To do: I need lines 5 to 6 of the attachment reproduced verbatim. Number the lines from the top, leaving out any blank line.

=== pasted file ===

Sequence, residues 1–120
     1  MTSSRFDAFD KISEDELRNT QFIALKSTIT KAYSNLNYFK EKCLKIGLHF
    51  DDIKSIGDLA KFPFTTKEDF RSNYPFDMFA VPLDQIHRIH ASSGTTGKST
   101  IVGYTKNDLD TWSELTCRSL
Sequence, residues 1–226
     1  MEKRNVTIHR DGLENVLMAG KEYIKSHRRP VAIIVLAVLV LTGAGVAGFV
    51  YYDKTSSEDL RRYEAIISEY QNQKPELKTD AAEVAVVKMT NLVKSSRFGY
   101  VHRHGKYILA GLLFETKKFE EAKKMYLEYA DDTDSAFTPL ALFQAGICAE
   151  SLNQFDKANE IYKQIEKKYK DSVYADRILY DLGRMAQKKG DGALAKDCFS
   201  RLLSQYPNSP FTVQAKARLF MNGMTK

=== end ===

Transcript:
Sequence, residues 1–226
     1  MEKRNVTIHR DGLENVLMAG KEYIKSHRRP VAIIVLAVLV LTGAGVAGFV